Matthew Curry & The Fury played in major summer festivals including the Merchant Street Music Festival (Kankakee, IL) Mississippi Valley Blues Festival (Davenport, IA) Prairie Dog Blues Festival (Prairie du Chien, WI) the Ride Festival (Telluride, CO) and the King Biscuit Blues Festival in Helena, AR, and the Chicago Blues Festival. Earlier this summer Matthew opened for Foreigner in several cities including Bloomington, Chicago, and Nashville.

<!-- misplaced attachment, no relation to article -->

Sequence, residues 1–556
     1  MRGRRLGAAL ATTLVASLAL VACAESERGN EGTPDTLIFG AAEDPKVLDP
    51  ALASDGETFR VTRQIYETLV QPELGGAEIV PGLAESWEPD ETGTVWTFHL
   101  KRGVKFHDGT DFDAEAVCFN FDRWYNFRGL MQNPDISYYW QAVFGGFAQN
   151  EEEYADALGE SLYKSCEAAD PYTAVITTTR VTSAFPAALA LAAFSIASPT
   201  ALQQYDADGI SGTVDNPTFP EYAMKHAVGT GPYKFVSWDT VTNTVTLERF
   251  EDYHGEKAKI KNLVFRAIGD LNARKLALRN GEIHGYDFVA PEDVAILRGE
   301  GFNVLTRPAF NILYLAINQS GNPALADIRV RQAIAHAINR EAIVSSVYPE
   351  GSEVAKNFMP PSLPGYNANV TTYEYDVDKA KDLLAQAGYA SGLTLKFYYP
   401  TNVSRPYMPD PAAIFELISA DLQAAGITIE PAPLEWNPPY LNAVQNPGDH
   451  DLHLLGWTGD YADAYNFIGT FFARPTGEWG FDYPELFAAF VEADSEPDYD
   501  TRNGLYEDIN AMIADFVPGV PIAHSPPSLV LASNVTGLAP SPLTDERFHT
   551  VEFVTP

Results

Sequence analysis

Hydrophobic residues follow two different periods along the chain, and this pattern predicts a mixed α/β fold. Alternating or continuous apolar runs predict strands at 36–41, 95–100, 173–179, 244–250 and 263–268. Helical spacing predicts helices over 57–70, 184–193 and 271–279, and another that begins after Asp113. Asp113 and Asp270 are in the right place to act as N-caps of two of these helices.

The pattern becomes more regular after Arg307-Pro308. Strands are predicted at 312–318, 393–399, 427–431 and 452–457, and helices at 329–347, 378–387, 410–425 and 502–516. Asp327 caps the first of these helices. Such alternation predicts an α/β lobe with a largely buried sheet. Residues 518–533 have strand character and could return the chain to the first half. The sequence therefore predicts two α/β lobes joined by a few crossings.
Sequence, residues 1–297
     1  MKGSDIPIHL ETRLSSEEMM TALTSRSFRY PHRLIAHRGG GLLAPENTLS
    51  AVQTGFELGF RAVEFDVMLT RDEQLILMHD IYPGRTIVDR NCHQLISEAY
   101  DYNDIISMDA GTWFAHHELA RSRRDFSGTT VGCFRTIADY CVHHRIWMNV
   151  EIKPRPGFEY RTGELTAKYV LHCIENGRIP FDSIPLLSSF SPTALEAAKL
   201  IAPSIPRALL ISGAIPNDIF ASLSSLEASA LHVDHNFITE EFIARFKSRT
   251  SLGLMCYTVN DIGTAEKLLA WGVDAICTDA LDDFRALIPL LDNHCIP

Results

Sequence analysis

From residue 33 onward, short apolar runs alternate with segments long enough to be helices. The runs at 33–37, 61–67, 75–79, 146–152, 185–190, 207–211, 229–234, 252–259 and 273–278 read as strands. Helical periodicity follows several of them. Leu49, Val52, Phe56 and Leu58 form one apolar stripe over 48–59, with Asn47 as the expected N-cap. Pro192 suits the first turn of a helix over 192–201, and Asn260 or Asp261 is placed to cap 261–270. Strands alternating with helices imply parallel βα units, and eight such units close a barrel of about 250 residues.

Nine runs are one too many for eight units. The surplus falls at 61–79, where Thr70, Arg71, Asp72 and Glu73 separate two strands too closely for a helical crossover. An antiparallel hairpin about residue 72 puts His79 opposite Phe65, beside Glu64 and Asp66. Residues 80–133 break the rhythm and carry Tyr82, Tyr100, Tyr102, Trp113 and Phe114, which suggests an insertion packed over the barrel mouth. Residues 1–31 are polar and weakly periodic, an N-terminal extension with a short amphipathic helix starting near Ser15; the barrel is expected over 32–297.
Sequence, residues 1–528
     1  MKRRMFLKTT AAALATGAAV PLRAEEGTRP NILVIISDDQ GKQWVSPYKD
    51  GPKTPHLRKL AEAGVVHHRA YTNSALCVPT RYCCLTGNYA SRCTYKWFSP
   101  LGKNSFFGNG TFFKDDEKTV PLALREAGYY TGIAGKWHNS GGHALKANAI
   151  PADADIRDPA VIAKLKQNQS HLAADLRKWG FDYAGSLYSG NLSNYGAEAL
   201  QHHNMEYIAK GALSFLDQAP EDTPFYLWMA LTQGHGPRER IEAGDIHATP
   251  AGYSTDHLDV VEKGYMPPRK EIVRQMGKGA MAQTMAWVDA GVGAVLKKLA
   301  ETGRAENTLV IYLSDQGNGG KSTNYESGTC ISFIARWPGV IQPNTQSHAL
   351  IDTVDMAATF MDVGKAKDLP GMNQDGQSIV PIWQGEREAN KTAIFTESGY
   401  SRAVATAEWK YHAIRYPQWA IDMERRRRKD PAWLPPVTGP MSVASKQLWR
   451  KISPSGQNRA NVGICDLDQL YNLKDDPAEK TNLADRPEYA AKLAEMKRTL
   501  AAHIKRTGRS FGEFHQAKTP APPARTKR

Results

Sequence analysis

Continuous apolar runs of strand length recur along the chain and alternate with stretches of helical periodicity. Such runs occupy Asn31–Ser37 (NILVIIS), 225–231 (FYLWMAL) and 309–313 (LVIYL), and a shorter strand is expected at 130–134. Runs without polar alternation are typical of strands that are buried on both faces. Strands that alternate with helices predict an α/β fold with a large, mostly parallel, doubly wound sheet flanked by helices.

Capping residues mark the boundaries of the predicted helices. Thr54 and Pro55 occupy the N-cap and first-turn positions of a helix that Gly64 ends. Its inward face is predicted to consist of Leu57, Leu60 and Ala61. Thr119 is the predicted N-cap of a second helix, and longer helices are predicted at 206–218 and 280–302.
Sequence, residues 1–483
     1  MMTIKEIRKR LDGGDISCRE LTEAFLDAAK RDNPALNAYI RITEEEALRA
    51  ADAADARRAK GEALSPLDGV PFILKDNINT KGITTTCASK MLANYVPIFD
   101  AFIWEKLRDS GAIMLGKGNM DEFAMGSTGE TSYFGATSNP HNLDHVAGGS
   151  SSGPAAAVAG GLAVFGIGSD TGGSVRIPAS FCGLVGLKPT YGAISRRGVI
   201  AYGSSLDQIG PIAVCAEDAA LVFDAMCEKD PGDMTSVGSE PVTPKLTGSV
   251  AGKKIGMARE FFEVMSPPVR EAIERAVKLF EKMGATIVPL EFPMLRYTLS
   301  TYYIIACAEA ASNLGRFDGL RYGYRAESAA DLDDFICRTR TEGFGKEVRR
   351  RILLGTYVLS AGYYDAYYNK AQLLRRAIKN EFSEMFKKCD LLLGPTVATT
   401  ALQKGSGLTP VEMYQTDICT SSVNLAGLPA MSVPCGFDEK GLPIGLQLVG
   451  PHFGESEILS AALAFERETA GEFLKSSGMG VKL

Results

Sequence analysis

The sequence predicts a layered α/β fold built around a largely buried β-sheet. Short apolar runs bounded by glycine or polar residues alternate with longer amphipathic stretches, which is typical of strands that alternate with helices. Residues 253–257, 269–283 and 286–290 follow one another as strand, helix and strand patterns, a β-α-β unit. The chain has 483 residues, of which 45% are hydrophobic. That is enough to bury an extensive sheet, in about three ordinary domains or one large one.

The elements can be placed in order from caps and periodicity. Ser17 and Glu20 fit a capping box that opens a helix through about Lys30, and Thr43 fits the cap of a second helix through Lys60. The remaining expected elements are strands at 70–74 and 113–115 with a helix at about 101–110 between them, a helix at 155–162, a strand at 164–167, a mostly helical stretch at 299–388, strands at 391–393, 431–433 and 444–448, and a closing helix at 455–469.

Chicago Farmer sings on the title track of Backenforth, IL, out January 22, 2013. It’s the centerpiece of his sixth collection of Guthrie-inspired populist songs, as well as autobiographical. The son of a small town farming community, Cody Diekhoff logged plenty of highway and stage time under the name Chicago Farmer before settling in the city in 2003. Profoundly inspired by fellow mid-westerner John Prine, he’s a working-class folk musician to his core. His small town roots, tilled with city streets mentality, are turning heads North and South of I-80. “I love the energy, music, and creativity of Chicago, but at the same time, the roots and hard work of my small town,” he shares. Growing up in Delavan, IL with a population less than 2,000, Diekhoff’s grandparents were farmers, and their values have always provided the baseline of his songs. He writes music for the “kind of people that come to my shows. Whether in Chicago or Delavan, everyone has a story, and everyone puts in a long day and works hard the same way,” he says. “My generation may have been labeled as slackers, but I don’t know anyone who doesn’t work hard – many people I know put in 50-60 hours a week and 12 hour days. That’s what keeps me playing. I don’t like anyone to be left out; my music is for everyone in big and very small towns.” He listened to punk rock and grunge as a kid before discovering a friend’s dad playing Hank Williams, and it was a revelation. Prine and Guthrie quickly followed. The name Chicago Farmer was originally for a band, but the utilitarian life of driving alone from bar to bar, city to city – to make a direct connection to his audience and listener, took a deeper hold. Songs like “Workin’ On It,” are the kind of sing-a-longs he’s known for; it’s become common to see whole rooms full of strangers erupt and sing to the choruses of his songs on first listen. While “The Twenty Dollar Bill” is more sentimental, reminding everyone of that time their own Grandma surreptitiously passed along a little cash to hang onto. Chicago Farmer plans to continue touring relentlessly to support the new album. With Backenforth IL, he solidifies that wherever he is, that’s where he belongs, that’s where the songs will be written and sung, and that’s where the music will be played.